The Celts

by Ériu

The first historical record of the Celts was by the Greeks about 700 BC, the Celts were a loose grouping of tribes that lived in an area north of the Alps around the Danube river in central Europe. Over the next few hundred years they spread east and west across Europe. The Celts first arrived in Ireland about 500 BC, there is no reliable information on how or when the Celts became the dominant Irish ethnic group. It is thought that the Celts arrived gradually, spreading slowly across the country, a process that could have taken several hundred years. By the fifth century AD and the arrival of Christianity, the Celtic language was being spoken all over the island of Ireland.

Newgrange tri-spiralAt Newgrange the tri-spiral design is often referred to as a Celtic design, however it was carved at least 2500 years before the Celts reached Ireland. Megalithic mounds entered Celtic mythology as sídhe or fairy mounds, Brugh na Bóinne (Newgrange) was the home of Oengus (Aonghus) the god of love. It was said that Oengus never aged while he lived at Brugh na Bóinne.

The Celtic Race never really existed in the way that we understand the term today. They were a loose amalgam of tribes, communities and disparate groups that come together for shared purposes such as defence, worship, trading and hunting. Unlike the Classical civilisations of Greece and Rome the Celts left little behind that scholars today can classify with any degree of certainty. The Celts were primarily of an oral tradition, however they did have a from of writing call Ogam or Ogham.


The Celtic ogham script was used in Ireland from the fourth century AD to the eighth century AD. The script consisting of stokes or notches where were cut into wood or along the edge of a standing stone. It was a clumsy method of marking, based on groups of one to five stokes for each letter, and was used only for short inscriptions, such as grave markers or memorials. It is speculated that the script is much older than it seems, and was originally based on a type of sign-language used by the druids, using the five fingers.

The Celts – Origin and Background

The object of these notes, as the title implies, is to express the writer’s ideas and opinions. One culture which unwittingly has caused much confusion in people’s minds is that of the Celts. In recent centuries the problem seems to have begun with the antiquarian William Stukeley (1687 – 1765) who associated such ancient monuments as Stonehenge and Avebury with the Celtic Druids, unaware of course that such monuments predated the Celtic Druids by a couple of millennia. Thus began the association of the Celts with the structures of the remote past.

The fact that the Celts as such were a relatively recent civilization, contemporaneous with the Greek, Roman, and Etruscan cultures did not gain wide acceptance until the 20th century – and even today many may find it hard to accept the flowering of Celtic culture as post 500 BC.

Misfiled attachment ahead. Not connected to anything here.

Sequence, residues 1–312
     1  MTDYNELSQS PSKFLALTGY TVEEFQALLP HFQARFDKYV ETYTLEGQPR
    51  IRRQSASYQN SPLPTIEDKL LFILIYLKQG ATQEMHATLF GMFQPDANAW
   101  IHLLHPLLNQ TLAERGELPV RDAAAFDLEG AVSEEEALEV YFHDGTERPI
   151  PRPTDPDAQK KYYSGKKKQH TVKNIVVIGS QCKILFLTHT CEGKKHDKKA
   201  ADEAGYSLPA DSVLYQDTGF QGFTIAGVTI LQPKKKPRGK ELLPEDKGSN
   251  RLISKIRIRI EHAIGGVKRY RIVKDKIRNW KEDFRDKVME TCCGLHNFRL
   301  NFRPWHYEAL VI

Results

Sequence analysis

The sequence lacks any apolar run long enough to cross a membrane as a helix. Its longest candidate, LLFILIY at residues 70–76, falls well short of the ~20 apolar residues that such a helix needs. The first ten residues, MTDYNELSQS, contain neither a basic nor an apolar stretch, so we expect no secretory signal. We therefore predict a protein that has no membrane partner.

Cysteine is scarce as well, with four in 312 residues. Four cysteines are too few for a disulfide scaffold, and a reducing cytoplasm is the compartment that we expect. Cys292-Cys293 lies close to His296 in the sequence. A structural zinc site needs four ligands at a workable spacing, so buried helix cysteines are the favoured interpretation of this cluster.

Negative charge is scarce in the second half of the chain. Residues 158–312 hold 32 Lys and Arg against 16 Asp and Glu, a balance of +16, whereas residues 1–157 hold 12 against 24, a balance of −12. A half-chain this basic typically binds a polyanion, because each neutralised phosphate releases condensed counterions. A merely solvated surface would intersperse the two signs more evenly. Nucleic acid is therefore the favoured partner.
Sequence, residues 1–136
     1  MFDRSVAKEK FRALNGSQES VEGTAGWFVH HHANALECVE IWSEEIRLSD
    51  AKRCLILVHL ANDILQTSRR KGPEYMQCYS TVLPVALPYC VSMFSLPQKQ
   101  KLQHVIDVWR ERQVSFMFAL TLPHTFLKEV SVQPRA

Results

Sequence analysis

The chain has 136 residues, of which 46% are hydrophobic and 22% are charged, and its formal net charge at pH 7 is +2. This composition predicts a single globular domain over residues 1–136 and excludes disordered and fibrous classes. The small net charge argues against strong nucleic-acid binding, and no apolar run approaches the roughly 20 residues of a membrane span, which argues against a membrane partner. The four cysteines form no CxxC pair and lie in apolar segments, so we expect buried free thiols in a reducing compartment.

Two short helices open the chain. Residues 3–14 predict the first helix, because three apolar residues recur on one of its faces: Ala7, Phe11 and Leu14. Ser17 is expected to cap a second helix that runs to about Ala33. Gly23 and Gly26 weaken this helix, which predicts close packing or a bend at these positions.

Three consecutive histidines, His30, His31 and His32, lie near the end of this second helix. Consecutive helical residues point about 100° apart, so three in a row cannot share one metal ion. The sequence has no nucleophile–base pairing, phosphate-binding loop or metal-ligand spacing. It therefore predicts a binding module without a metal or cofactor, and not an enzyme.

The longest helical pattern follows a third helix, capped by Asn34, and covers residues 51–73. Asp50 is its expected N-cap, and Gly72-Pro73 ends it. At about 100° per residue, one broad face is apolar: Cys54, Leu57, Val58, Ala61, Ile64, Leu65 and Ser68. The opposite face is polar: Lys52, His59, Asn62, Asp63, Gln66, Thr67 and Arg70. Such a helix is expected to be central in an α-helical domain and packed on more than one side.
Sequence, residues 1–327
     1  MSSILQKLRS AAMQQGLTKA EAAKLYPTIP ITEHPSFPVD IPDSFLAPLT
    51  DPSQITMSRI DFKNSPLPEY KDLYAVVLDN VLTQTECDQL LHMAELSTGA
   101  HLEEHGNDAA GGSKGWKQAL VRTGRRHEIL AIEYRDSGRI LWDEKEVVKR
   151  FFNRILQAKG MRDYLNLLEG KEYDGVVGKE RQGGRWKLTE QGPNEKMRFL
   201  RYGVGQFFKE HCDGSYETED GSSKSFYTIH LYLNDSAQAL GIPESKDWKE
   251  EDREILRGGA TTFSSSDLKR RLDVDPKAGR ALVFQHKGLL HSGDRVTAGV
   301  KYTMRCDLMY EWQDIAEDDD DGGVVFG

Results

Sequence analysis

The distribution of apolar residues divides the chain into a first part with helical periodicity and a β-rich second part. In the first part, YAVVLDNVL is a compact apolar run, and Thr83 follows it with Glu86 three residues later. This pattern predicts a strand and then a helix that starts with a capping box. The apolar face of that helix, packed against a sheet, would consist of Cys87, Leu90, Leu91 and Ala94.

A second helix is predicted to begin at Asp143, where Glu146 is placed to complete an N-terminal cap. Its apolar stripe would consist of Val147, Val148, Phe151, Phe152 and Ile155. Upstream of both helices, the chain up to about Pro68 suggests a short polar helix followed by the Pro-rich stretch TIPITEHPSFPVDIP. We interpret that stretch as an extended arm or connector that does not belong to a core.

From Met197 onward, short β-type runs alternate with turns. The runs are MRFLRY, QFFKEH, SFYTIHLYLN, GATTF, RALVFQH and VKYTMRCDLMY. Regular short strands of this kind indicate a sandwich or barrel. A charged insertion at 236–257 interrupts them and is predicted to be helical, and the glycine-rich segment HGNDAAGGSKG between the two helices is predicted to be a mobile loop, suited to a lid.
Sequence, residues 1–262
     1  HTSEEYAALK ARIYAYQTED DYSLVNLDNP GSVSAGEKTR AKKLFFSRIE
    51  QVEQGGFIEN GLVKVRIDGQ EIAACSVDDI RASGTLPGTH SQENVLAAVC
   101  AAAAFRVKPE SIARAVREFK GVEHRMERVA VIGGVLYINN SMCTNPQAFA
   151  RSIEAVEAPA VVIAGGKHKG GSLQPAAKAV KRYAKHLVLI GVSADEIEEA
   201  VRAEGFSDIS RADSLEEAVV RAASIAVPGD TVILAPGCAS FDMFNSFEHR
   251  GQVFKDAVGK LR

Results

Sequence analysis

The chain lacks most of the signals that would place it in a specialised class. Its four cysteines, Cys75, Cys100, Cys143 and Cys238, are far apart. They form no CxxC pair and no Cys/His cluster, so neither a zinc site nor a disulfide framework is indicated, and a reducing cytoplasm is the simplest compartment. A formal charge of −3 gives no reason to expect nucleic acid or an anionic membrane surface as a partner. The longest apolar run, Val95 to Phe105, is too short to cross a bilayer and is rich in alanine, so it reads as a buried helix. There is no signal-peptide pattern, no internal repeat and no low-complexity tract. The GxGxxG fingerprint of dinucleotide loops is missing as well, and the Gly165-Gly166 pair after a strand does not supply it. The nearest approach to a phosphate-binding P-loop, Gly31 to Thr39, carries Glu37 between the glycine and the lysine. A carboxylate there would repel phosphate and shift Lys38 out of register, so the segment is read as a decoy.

The question of the location of the heartland of Celtic culture has caused much confusion – even today many people would say Ireland / Scotland rather than the Upper Danube. Much Greek and Roman literature has survived and it ought to be easy to pinpoint the Celts on their home ground. Herodotus, a Greek historian of the 5th century BC, refers to the Danube “which has its source among the Celts near Pyrene – the Celts live beyond the Pillars of Hercules (Gibraltar) next to the Cynesians who are the most Westerly people of Europe”. What is happening here is confusion between the Celtic homeland on the Upper Danube and the limit of their influence – Iberia.

The Greek geographer Pytheas (4th century BC) comments on the location of the British Isles as being “North of the land of the Celts.” Again we have a reference to the fringes of Celtic influence rather than to their home ground.

Another Greek geographer Pausanias (2nd century AD) tells us that the Gauls “originally called Celts live in the remotest region of Europe on the coast of an enormous tidal sea. Okeanos (the River of Ocean which surrounds the world) is the most distant part of the sea – the people who live beside it are Iberians and Celts – it contains the island of Britain. The remotest Celts are called Kabares who live on the edges of the ice desert – a very tall race of people.” Again we have no reference to the source of the Celts but a clear indication of two major areas under Celtic influence – Gaul (France) and Iberia (Spain / Portugal) with a hint of a Scandinavian connection.

Julius Caesar (1st century BC) in his account of his campaigns in Gaul gives us a very clear picture of Celtic culture in one region in which it was dominant (Gaul). He also makes a statement which perhaps deserves more attention than it has generally received – “The Druidic doctrine is believed to have been found existing in Britain and thence imported into Gaul: even today those who want to make a profound study of it generally go to Britain for the purpose.” We will have occasion later to follow up this statement which implies that an important component of Celtic culture has another – and by implication – older – source which is located in the British Isles. Caesar goes on to refer to the areas of Gaul under greatest Celtic influence but does not include the territory of the Belgae in the North. It is the Belgae who migrated in large numbers to the South and East of Britain. So Caesar associates a large area of Gaul with Celtic influence but again makes no reference to a Celtic homeland.